A diver is sitting in a rebreather they are about to dive for the first time when it alarms, the instructor presses something and it stops alarming, the diver asks what the problem is and the instructor replies, “nothing to worry about, let’s get in the water”.
Eek – can you imagine anything worse than getting in the water wondering if there is something wrong! Obviously if there is, the diver shouldn’t be getting in the water, but the chances are there isn’t anything wrong and the instructor just felt they didn’t need to go into details for something minor. However, part of the battle is overcoming the years of negative press and teaching divers to learn to trust rebreathers.
And while we are on that subject, teach your divers to trust rebreathers from the very beginning. I hate the “treat your rebreather as if it will kill you” mentality. I don’t treat my open circuit equipment like that; if I thought my regs were going to kill me I wouldn’t use them! . I trust my rebreather to try and support life at all times. That is what it is designed to do. Now, don’t get me wrong, I’m not promoting complacency, but you can take care of your equipment and monitor its functionality without being completely paranoid
So, we’re in the water. Make sure your divers are comfortable with everything at the surface and understand that it’s ok to dive like a beginner again when they first change to a rebreather. That way they aren’t surprised when they have less control to start with. Explain that experienced open circuit divers can often feel a little frustrated at their lack of skill on rebreathers, but that it will soon come back with practice.
Introduce skills slowly and don’t be tempted to rush divers or think they are bored. Most people want to spend time just watching the handsets, breathing on the rebreather and swimming in the shallows – experiencing the differences is why they are doing this.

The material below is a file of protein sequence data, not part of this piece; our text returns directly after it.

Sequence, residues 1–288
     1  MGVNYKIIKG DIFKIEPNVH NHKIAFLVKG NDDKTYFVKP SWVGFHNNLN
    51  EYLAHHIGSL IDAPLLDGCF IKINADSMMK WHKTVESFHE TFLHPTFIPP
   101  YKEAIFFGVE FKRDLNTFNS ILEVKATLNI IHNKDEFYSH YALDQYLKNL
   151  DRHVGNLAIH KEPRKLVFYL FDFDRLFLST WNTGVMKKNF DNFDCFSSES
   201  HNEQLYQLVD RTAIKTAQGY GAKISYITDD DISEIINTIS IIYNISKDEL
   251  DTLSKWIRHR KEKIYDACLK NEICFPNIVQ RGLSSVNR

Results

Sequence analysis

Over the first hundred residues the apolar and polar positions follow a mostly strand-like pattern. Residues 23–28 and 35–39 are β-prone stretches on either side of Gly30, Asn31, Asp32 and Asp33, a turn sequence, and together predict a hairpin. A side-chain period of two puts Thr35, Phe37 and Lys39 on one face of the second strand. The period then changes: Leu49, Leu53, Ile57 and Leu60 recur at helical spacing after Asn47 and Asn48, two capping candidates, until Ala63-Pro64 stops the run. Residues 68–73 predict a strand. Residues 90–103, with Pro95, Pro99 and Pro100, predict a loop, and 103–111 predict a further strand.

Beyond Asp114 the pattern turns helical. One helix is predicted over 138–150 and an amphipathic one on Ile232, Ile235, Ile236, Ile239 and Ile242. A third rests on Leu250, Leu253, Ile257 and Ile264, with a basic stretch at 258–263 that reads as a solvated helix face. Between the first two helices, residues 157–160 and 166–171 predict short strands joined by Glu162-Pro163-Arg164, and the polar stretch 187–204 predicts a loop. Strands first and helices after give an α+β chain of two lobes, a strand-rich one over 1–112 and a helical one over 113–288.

To minimise risk to the diver, the Discover Rebreather experience keeps divers shallow. If you use confined water use certified assistants to lead the group wherever possible. This means the divers can concentrate on diving the rebreather and just follow the assistant without having to think too much about depth, navigation etc. It also leaves you free to change position and monitor the divers to make sure everything is functioning correctly. Don’t forget they have only very basic knowledge at this point, so you are responsible for their safety. Most Discover Rebreather participants are more interested in trying the equipment than in what they see on the dive, but if you do have fish life, show them how little disturbance rebreather divers make and that underwater animals pay less attention to rebreather divers than open circuit.
After the Dive
Back on the surface show divers what they need to do after the dive. One of the concerns people have is that rebreathers take too much maintenance. Show them what needs to be done and explain that (with proper maintenance) equipment set up shouldn’t take longer than an hour (often much less) and breakdown and cleaning is no longer than for open circuit.
Why not have a special stamp for rebreather dives so that you can stamp log books with something special. Make sure you give divers the chance to ask any questions they have and ask them what they liked and didn’t like about the experience. Finally, ask whether they would like to do more rebreather diving and how you can help.
If you have any questions about Discover Rebreather please contact firstname.lastname@example.org so that we can help.